• Predictive policing: AI algorithms are used to predict crime and identify potential criminals, but this raises ethical concerns about profiling and the potential for discrimination.
  4. Data security and privacy breaches: AI systems themselves can become targets of cyberattacks, leading to data breaches and unauthorised access to sensitive information. Additionally, AI technologies can be used to enhance cyberattacks, making them more sophisticated and targeted.
  5. Legal frameworks and regulations: The rapid development of AI has outpaced the existing legal frameworks and regulations designed to protect privacy and data. This has led to a patchwork of laws and policies across jurisdictions, creating uncertainty and challenges for organisations and individuals. 

Things google did for privacy regulation

The usage of public data sets in training models

AI is mainly trained on vast amounts of public personal data. This data includes name, phone number, and address. As AI functions as a sophisticated network, existing laws evolve and update themselves for new circumstances. In the realm of legal privacy, the term is generally associated with the collection, processing, and accessing of data. The focus is on determining when data can be classified as personal and, therefore, protected versus when it can be used by the public. This distinction is critical in safeguarding sensitive information and ensuring that an individual’s privacy rights are respected.

Privacy regulation with new AI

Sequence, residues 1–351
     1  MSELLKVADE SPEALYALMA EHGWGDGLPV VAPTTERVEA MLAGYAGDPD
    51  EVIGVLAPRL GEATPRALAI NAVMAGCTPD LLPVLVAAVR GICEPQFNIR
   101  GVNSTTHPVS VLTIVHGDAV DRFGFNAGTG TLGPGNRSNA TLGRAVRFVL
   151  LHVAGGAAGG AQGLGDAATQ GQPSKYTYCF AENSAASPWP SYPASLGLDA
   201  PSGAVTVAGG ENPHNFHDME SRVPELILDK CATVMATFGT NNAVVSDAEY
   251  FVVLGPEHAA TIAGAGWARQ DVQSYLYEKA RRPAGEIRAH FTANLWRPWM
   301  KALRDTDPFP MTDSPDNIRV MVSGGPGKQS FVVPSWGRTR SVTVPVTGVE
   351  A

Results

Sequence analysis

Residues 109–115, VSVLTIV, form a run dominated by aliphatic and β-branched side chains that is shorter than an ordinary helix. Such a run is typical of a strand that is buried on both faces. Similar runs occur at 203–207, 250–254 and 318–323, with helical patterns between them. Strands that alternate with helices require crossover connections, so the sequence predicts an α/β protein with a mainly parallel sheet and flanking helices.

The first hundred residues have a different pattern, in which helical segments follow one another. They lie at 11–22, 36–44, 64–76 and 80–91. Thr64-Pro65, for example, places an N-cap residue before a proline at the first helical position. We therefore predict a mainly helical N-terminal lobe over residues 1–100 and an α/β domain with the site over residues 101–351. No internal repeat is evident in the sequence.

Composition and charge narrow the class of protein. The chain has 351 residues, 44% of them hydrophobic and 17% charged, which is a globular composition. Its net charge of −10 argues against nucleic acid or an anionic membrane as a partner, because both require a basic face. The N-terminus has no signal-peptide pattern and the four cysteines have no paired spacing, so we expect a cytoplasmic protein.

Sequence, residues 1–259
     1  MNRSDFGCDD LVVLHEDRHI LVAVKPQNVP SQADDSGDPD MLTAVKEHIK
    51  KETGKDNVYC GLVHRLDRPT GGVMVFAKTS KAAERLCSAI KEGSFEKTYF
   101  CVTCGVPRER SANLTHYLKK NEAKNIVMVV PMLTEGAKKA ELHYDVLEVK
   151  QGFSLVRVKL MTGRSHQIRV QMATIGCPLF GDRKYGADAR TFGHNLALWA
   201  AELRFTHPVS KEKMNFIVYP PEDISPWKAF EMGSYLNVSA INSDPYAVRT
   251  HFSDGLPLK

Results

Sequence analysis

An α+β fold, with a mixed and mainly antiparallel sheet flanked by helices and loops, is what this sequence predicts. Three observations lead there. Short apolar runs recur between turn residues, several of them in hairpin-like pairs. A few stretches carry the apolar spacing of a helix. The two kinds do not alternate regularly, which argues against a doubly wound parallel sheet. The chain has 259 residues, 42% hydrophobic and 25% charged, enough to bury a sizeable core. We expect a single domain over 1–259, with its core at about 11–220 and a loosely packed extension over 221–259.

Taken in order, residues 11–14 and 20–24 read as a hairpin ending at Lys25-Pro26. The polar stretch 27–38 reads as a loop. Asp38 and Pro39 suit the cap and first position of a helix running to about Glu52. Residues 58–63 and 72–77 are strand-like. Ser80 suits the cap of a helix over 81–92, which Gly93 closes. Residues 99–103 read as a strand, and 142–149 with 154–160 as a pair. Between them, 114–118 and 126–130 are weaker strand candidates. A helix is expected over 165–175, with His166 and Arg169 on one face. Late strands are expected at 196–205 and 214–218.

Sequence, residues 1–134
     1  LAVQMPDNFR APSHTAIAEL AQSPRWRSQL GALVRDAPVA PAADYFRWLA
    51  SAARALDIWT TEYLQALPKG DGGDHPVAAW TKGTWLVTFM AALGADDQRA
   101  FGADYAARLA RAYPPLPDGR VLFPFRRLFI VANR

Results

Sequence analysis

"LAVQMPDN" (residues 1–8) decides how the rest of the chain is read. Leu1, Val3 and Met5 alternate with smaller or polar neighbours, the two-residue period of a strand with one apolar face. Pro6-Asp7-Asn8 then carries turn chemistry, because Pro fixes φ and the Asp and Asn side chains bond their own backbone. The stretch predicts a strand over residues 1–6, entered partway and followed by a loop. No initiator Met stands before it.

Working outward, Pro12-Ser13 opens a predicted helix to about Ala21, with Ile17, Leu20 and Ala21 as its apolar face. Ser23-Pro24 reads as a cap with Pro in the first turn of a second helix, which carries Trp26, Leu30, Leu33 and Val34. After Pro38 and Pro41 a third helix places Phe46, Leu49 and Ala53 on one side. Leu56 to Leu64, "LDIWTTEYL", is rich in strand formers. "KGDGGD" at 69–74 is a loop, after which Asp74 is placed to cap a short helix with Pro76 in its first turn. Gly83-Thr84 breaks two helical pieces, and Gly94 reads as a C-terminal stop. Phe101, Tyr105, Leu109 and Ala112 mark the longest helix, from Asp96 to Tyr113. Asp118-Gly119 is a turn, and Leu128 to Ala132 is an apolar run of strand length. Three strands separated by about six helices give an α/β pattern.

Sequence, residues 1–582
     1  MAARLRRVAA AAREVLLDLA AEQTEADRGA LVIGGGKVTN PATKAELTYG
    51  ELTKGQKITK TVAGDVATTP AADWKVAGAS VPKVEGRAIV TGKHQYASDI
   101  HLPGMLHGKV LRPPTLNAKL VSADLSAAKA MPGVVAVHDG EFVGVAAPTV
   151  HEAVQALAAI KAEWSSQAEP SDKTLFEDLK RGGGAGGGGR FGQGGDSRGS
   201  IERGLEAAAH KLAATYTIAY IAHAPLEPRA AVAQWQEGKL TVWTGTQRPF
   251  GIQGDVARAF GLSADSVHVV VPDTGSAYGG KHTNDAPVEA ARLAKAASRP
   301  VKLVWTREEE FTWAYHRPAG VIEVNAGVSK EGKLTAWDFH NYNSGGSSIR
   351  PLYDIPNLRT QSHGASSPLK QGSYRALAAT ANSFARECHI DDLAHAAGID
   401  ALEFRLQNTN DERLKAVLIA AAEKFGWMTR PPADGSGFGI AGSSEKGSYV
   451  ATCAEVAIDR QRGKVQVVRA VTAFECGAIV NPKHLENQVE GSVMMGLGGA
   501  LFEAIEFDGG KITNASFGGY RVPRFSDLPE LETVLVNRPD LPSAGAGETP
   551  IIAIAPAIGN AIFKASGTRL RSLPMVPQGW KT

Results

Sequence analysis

Government agencies globally are focusing on how to implement new privacy laws to comply with existing ones. It is vital to consider how these new laws interact with the latest AI policy initiatives, including overlaps with existing laws. The recent White House order on the development and use of AI has included rules related to safety, security, innovation, and equity, along with several rules related to privacy and the interaction of AI and privacy law.

Children’s privacy regulation 

Children’s Online Privacy Protection Act (COPPA) pertains to the collection and use of data from children under 13 years of age in the United States. The Federal Trade Commission is responsible for establishing policies and regulations that govern this area. They ensure that AI products and developers should significantly consider the creation of data from children and how their AI system interacts with them. 

Make privacy a core element of the basic structure of the company